A fairy tasked with helping out the protagonist of a tale, whether it's granting wishes, or other things, often with the aid of a Magic Wand. Why this is so is almost never said, although some stories will have an organization of them.
This is also a highly Discredited Trope these days, usually associated with the most archaic parts of Fairy Tales, even though this trope is a lot more recent than most of those stories, and in fact very rare in fairy tales collected by folklorists. It's still often played straight too, it's just so useful that writers can't resist it, although they often disguise the fairy godmother as something else.
Some stories might make this a Deus Ex Machina.
Contrast Wicked Stepmother.
- Some "Cinderella"-type tales have one, such the Disney version. Charles Perrault's version appears to be the Trope Codifier. In folklore collection, she is far more often helped by her dead mother, or something associated with her dead mother.
- In "Adalminas Pearl", the princess has two.
- In "Sleeping Beauty", she had twelve, or seven, in Perrault or Grimm respectively. However, after they made their initially good wishes, the fairies do never return to aid Sleeping Beauty. Many variants—such as "Sun, Moon, and Talia"—have no fairy godmothers at all, however.
- In Henriette-Julie de Murat's literary fairy tale "Bearskin", the princess had a fairy godmother who is quite offended that she was not consulted about her goddaughter's marriage and so refuses to help for a time.
- In "Donkeyskin", the godmother delivers advices rather than gifts.
- Deconstructed in Ella Enchanted, with a godmother who's a fairy but is inconspicuous about it, and another fairy who has a bad habit of going to the christenings of complete strangers and giving them magical gifts they don't want or need.
- In A Simple Wish, Martin Short plays Murray, the world's first and only fairy godfather, whose first assignment is to grant a little girl's wish that her father could get the lead role in a Broadway musical...while simultaneously fighting an evil fairy-godmother-turned-Wicked Witch's plot.
- The Slipper and The Rose, being a musical adaptation of "Cinderella", of course has a Fairy Godmother.
- Ditto the Rogers and Hammerstein Cinderella movie musical.
- Played with in Maleficent when Aurora, unaware that the three women who've raised her are the literal fairies, decides that Maleficent (whom she knows has been watching over her for years) is her Fairy Godmother. Maleficent's response is basically Sure, Let's Go with That -- but by the end of the film she ha become for all practical purposes the real thing.
- In The Dresden Files, Harry has one of these, literally, and The Fair Folk are a lot scarier than in the Disneyverse. The Leanansidhe protects him from dangers of Nevernever... in her own way. Due to a Magically-Binding Contract, he belongs to her, and she sometimes tries to collect. What happens if she wins? You know those hunting dogs that herald her arrival? They weren't dogs originally. However, lately, she's proven to be very good (if scary) to have as an ally.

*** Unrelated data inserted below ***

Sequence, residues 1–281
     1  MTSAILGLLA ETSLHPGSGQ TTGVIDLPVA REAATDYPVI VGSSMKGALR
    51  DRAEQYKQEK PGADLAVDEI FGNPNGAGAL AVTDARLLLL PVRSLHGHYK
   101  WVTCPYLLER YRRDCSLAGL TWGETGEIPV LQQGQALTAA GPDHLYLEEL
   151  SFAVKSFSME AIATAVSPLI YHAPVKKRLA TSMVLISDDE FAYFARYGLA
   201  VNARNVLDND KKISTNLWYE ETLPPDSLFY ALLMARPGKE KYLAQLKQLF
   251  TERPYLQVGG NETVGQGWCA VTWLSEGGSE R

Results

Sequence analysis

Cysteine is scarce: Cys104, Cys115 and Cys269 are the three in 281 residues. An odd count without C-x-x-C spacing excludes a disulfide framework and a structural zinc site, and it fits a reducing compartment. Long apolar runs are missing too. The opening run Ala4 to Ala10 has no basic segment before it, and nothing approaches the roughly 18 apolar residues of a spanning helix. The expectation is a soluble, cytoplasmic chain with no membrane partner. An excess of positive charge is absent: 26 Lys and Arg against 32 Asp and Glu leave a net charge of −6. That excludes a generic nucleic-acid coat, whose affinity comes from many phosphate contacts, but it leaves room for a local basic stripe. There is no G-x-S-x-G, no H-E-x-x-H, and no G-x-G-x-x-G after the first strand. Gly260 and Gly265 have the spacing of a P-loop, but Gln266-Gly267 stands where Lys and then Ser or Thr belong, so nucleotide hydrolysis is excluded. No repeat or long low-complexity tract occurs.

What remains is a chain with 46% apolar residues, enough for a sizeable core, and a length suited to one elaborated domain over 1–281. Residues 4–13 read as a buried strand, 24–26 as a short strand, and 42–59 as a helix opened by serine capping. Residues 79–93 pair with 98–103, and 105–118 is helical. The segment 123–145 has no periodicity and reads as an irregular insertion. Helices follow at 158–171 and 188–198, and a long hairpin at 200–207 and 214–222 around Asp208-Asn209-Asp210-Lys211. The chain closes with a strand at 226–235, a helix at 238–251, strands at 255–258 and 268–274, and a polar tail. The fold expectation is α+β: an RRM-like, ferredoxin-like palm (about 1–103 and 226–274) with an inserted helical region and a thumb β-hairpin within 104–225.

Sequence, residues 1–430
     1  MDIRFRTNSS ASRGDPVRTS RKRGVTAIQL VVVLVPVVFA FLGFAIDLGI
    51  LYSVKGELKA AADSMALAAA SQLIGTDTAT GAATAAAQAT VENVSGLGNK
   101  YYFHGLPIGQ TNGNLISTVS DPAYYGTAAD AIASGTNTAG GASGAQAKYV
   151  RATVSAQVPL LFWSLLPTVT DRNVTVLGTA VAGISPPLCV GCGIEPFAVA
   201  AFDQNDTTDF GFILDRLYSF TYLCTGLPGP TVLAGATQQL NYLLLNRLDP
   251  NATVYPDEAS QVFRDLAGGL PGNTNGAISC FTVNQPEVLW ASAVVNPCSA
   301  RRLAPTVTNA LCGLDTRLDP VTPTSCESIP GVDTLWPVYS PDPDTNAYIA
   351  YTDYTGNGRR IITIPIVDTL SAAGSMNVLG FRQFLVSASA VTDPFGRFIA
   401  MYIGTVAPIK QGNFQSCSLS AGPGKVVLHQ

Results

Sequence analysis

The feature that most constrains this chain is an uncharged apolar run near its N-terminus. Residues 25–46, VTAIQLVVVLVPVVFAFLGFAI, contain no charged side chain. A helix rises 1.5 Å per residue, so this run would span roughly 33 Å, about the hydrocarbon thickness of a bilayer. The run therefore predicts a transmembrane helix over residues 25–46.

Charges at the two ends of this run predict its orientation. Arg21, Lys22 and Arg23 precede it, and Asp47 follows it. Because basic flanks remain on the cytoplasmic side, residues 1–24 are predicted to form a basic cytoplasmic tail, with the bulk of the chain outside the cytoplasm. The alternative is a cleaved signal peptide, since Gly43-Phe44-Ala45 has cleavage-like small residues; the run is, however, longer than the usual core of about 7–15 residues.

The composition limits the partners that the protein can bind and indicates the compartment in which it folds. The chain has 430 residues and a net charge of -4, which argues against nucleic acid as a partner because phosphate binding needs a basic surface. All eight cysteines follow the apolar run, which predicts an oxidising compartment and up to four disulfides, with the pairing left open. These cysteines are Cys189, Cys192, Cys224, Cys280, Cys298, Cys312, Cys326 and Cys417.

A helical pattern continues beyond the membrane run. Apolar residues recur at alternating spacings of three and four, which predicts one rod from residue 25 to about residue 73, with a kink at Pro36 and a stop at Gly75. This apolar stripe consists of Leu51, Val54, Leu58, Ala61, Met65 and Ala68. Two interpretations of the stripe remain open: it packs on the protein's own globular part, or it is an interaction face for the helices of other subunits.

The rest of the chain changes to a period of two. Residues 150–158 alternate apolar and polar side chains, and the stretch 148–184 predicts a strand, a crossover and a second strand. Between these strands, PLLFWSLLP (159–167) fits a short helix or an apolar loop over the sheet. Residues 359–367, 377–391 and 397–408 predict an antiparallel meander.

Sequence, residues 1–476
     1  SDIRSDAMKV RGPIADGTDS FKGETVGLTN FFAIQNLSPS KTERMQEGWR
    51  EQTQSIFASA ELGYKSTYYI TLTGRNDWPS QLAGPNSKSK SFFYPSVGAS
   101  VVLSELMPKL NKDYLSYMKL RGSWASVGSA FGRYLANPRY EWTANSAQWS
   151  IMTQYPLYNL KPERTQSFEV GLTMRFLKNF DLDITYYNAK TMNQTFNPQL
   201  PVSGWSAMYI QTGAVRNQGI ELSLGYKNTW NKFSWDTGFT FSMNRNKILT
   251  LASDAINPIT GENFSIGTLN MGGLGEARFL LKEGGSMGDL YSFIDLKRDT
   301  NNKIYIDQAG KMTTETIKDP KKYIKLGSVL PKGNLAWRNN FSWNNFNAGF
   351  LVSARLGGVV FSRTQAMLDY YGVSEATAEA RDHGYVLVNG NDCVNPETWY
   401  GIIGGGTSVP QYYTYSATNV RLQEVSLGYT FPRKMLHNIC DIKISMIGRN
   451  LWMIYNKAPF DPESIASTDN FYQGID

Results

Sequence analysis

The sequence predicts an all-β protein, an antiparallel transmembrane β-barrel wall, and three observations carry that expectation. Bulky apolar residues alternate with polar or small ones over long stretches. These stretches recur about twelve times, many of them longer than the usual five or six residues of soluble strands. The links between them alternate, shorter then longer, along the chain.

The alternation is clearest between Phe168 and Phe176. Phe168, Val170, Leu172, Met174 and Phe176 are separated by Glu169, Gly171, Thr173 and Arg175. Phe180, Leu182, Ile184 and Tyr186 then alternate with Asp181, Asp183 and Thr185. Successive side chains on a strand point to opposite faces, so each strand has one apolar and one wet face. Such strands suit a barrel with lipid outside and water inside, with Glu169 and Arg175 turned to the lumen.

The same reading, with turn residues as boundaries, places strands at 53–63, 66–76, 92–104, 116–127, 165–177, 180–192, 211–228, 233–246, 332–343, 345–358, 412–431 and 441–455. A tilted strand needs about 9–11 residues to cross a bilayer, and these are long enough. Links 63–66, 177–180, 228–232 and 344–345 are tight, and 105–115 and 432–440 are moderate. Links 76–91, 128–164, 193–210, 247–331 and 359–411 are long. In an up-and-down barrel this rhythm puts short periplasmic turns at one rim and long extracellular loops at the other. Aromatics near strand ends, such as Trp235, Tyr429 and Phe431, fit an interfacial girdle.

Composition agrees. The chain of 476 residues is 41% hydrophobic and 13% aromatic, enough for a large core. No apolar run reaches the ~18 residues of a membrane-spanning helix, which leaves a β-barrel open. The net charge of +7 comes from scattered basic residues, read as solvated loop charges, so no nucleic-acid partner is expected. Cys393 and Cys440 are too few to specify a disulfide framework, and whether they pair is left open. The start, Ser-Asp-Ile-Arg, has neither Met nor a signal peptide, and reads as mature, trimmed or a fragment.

- Played with in Witches Abroad, where the protagonists are trying to stop a fairy godmother from making the peasant girl marry the prince.
- Magrat is also (temporarily) a Fairy Godmother, having been left a wand with a tendency to reset to pumpkins by Desiderata Hollow.
Ella: Everyone gets two. The good one and the bad one. You know that. Which one are you?
- In the Myth Adventures series the Mob has a Fairy Godfather.
- In The Ugly Duckling by AA Milne, the protagonist (a princess, not a duckling) has a relative who fits the fairy godmother role, though technically she's actually a great-aunt.
- In Mercedes Lackey's Tales of the Five Hundred Kingdoms series, "fairy godmother" is a trade taken up by women who can't fill the roles that "the Tradition" tries to shoehorn them into and end up with great magical power as a result. The job of being a fairy godmother involves being Genre Savvy enough to use the Tradition against itself to minimize the harm done to everyone involved; they were originally actual fairies, but eventually the role got handed down to human women and the "fairy" part was only retained as a title.
- The Godmother by Elizabeth Anne Scarborough. Dame Felicity Fortune ("Fair Fates Facilitated, Questers Accommodated, Virtue Vindicated.") is a human recruited by The Fair Folk to act as an agent for them among humans, and is summoned by a social worker in Seattle who wishes for "a fairy godmother for the city". Unfortunately, since magic is uncommon in the world, she has to deal with the occasional Obstructive Bureaucrat to get things done. Sequels include The Godmother's Apprentice, and The Godmother's Web.
- In Andrew Lang's Prince Prigio, the queen does not believe in fairies and so insists on not inviting them for their first son. They show up anyway and shower him with gifts until the last godmother says that he shall be too clever.
- In the Old Icelandic "Tale of Norna Gest" (c. 1300 AD), baby Gest is visited by some norns who make wishes for his life. The set-up is very similar to that of "Sleeping Beauty", and the "norns" are functionally Fairy Godmothers. Though, like in "Sleeping Beauty", they do not return after they made their initial good wishes.